Parameterized functions of no arguments?

Steven D'Aprano steve+comp.lang.python at
Fri Feb 11 09:19:00 CET 2011

On Fri, 11 Feb 2011 06:32:56 +0000, Rotwang wrote:

> I don't understand why this works. What is the difference between
>      (lambda x: lambda: f(x))(k)
> and
>      lambda: f(k)
> ?

Re-writing them as normal function defs may help. I'm going to do them in 
reverse order:

# lambda: f(k)
def func():
    return f(k)

When you call func() with no arguments, the body is executed and f(k) is 
returned. Where do f and k come from? At runtime, Python searches the 
local namespace of func(), and doesn't find either f or k. It then 
searches the non-local namespace, that is, the function or method that 
surrounds func (or your lambda), if any. In your case, there is no such 
nested function, so finally it searches the global namespace, and finds 
both f and k. But by the time the function is called, the for-loop which 
sets k has reached the end, and k always has the same value.

# (lambda x: lambda: f(x))(k)
def func(x):
    def inner():
        return f(x)
    return inner

When you call func(k), it creates a nested function. That nested function 
includes a "closure", which is a copy of the namespace of func at the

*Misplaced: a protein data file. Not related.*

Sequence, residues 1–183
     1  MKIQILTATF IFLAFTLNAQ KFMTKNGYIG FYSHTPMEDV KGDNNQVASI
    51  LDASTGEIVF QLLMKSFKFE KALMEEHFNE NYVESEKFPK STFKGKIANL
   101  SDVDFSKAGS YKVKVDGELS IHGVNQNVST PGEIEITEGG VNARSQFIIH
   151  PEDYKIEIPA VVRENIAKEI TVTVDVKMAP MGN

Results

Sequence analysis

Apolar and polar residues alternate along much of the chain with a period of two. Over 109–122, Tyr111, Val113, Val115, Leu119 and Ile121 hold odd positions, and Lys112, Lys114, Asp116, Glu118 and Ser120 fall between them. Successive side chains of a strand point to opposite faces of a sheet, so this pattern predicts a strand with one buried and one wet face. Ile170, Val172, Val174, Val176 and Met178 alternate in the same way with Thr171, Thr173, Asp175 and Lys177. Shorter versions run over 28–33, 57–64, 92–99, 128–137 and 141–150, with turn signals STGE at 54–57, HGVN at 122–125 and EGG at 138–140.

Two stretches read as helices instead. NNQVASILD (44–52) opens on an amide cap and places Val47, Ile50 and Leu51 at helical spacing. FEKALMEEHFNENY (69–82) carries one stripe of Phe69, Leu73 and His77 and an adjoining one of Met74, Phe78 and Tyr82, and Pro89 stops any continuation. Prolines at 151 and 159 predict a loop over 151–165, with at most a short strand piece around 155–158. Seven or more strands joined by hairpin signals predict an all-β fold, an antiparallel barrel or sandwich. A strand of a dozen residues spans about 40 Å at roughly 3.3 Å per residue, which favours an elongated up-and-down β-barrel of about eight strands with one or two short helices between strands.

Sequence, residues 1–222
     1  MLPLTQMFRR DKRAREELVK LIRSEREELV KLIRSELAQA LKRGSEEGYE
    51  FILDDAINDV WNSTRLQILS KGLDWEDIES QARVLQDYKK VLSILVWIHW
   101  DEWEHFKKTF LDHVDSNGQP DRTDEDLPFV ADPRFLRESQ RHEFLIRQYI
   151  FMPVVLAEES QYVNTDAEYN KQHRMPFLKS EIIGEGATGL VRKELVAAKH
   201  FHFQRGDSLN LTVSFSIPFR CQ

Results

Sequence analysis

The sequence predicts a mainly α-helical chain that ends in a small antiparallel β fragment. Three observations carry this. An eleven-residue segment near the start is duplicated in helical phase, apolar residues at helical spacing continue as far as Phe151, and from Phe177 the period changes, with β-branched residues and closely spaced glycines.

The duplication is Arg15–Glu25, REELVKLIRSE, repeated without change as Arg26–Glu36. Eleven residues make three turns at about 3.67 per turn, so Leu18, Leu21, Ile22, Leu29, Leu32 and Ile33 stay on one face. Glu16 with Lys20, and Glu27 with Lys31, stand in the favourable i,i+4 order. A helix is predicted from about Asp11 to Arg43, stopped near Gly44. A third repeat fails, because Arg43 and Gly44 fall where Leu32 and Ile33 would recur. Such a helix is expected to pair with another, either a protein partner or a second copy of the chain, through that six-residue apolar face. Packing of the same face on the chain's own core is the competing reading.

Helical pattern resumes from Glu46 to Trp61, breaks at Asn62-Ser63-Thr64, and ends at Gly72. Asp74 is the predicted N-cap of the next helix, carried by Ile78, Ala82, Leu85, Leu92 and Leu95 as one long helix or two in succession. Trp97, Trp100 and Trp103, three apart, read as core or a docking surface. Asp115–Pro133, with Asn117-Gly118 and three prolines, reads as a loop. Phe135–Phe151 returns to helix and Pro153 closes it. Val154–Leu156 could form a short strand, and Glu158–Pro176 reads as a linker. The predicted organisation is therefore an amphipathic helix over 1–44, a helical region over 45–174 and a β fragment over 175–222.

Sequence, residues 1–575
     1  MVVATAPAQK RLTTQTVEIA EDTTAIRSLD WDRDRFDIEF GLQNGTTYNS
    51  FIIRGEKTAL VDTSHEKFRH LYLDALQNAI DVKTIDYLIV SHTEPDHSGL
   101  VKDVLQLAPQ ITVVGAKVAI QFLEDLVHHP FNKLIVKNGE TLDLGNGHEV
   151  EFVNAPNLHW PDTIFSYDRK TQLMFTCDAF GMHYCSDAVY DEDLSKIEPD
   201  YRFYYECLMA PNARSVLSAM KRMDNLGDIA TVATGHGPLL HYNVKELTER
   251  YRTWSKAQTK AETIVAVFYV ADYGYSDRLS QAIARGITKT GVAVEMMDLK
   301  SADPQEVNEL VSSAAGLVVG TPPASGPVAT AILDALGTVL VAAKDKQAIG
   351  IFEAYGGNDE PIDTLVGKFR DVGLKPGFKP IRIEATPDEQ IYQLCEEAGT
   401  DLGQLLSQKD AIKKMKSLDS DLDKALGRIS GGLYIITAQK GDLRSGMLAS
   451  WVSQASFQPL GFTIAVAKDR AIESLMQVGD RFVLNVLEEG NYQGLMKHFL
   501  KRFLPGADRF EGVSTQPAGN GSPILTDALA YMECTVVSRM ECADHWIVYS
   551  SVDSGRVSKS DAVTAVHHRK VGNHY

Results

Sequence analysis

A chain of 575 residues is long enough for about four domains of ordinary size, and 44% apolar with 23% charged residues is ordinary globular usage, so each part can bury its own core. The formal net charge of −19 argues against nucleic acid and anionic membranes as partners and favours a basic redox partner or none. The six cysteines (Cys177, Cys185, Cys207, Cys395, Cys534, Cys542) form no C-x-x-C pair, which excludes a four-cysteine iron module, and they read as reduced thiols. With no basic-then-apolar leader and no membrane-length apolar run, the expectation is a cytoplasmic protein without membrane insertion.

time it is called. This closure includes a variable "k".

That inner function is returned and saved as the callback function. When 
you call that callback function, it executes inner(), and f(k) is 
returned. Where do f and k come from? As normal, Python searches the 
local namespace, and doesn't find them, but then it finds the variable k 
in the closure, and *not* the global k that the earlier example would 

This example may help:

store = []
for k in range(3):
    fa = lambda: "k has the value %d" % k
    fb = (lambda x: lambda: "x has the value %d" % x)(k)
    print("fa inside the loop", fa())
    print("fb inside the loop", fb())

for func in store:
    print("func outside the loop", func())

del k

store[1]()  # one of the closures
store[0]()  # one of the non-closures

Hope this helps.


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